North American cable operators (including those from North of the border) are signing up nearly 11,000 voice (oIP) customers a day, and now have close to 4.7 million subscribers, according to a study by Cable Data News. The report says that the CableCos have signed up over a million customers in Q2 alone. Cox and Comcast have about 2.3 million older circuit switched customers, which means they will sooner or later end up on IP as well.
The data should not be a surprise given the continuing land line losses at phone companies. AT&T, for instance lost about 426,000 lines – 106,000 additional lines (mostly used for dial up and fax) and 320,000 primary lines, reflecting the reality of continued migration of phone line customers to wireless, and cable.
Regardless, the speed with which CableCos are snapping up phone customers shows that the phone companies are under extreme pressure to roll out their triple play offerings.
9 thoughts on “CableCos -11,000 VoIP Customers A Day”
This telco vs. cableco residential line stats war is misleading. You really need to add back in the mobile lines the bellcos add in their mobile divisions. If the bellcos convert residential lines to mobile lines, that is long term a net win. And the cablecos can’t touch that.
The number of VoIP subscribers rose by 83% during 2005, from 10.3 million at the beginning of 2005 to over 18.7 million subscribers worldwide by the end of the year, according to Point Topic report. Retail VoIP numbers more than doubled in the USA and Canada during 2005. (http://www.metrics2.com)
Also, given it’s basically the same POTS product being delivered in a new way, is it really big news? Now if a cableco opened up their telephony platform to 3rd party apps and features it’d be news. Will anyone give the users the better telephony experience they deserve, or is public telephony a Groundhog Day experience forever?
VOIP is the way to go. I dumped my landline for VOIP and it works like a charm
Martin Geddes: Now if a cableco opened up their telephony platform to 3rd party apps and features it’d be news.
Cable companies provide telephone service on top of IP network which is already open to 3rd-party applications. Besides, thy are using standard protocols (chiefly, SIP) that support variety of client applications.
The main limiting factor is actually the need to interface to PSTN, as well as the need to have telephone number, which is not mobile between the operators.
It’s a sad day when all of the innovation and hard efforts of a few visionaries in the VoIP arena has resulted in a feature-for-feature duplication by CableCos, rather than a revolution.
Say what you will about Vonage (they deserve their knocks) but at least they’re adding features and capabilities which don’t exist with ANY other solutions. They have to… it’s their only means of differentiation.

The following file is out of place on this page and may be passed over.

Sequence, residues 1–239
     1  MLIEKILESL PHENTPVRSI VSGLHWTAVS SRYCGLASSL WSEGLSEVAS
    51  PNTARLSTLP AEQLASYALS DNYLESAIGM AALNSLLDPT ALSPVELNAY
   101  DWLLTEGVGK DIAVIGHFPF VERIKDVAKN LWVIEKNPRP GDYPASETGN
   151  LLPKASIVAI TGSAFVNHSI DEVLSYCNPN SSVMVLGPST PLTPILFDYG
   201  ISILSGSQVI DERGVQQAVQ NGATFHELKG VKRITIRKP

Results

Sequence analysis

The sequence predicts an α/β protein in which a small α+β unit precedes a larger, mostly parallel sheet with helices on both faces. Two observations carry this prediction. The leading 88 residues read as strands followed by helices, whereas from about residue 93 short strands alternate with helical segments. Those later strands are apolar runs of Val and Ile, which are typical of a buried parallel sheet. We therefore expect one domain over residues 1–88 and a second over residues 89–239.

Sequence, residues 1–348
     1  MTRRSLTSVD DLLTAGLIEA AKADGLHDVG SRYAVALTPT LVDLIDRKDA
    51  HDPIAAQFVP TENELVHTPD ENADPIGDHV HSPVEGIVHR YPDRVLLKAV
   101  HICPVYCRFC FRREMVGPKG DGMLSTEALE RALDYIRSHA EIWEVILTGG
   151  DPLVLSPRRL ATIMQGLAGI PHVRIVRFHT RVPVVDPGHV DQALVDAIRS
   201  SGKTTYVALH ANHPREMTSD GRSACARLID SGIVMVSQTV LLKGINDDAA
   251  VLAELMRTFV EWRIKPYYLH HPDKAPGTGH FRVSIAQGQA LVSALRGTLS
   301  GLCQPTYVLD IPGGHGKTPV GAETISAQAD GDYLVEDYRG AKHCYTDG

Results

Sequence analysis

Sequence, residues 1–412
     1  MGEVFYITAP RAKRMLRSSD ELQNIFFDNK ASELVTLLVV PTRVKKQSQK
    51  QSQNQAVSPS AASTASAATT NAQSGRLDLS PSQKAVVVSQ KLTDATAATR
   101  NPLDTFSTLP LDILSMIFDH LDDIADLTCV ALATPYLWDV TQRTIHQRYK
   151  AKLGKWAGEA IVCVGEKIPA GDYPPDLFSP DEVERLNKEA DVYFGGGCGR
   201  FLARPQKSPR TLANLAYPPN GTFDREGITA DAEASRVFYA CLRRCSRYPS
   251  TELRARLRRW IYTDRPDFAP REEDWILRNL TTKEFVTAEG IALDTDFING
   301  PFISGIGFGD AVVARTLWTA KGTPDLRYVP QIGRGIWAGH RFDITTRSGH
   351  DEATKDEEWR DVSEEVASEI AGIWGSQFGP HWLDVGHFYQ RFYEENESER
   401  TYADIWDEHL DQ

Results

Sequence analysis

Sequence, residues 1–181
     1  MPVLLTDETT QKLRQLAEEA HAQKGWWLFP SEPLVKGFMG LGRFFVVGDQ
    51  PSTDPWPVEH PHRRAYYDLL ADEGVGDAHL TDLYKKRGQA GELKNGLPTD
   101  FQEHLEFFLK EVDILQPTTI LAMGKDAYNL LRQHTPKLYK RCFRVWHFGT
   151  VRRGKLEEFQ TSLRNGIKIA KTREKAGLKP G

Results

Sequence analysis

Even though the capability exists in the software that the CableCos have licensed for their services, they still can’t or won’t forward a voice mail to me via email.
… and access providers wonder why we never turn to them for cool products and services, and would rather deal with mashups / startups?
Cablecos may be using standard protocols (after all they own a standards body – Cable Labs), but I don’t think it is based on SIP. In any event, use of SIP does not mean third parties can develop call associated applications.
Having said that, I take issue with Martin in that, if there is really a market for third party applications, why don’t they offer it directly to the end customers and run it on the ATA (if it is allowed) or behind it?
Do describe the cable telephony services as VoIP as though it is related to Vonage or Skype-like services is to be very misleading. Cable telephony (based on the PacketCable standard, which does not currently use SIP, but may in the future) is essentially using IP as a transport proptocol to deliver traditional PSTN services. In fact, Cox has a large number of circuit-swithed customers who see nothing different than the packet-switched customers do.
It is not an Internet-based service. It is just as closed and tightly controlled as traditional RBOC wireline services. Given the base of IP (and the use of softswitches), there is opportunity to evolve the cable services into something more, but they aren’t now.
The correct number to track is how cable telephony is evolving (circuit plus packet) and to look at it separately from the Internet-based telephony services, such as Vonage, and the VoIM services (Skype et al.)
CABLE Companies combined have over 120,000 UNIFORMED Truck Service Techs making 8 house calls per day gives you almost a MILLION SERVICE CALLS/Sales potential per DAY to get RBOC lines onto CABLE VOIP…simple WIN WIN for the CABLES and a TOTAL LOSS for the RBOC’s…wait till the CABLES start offerring CELL 4 Play…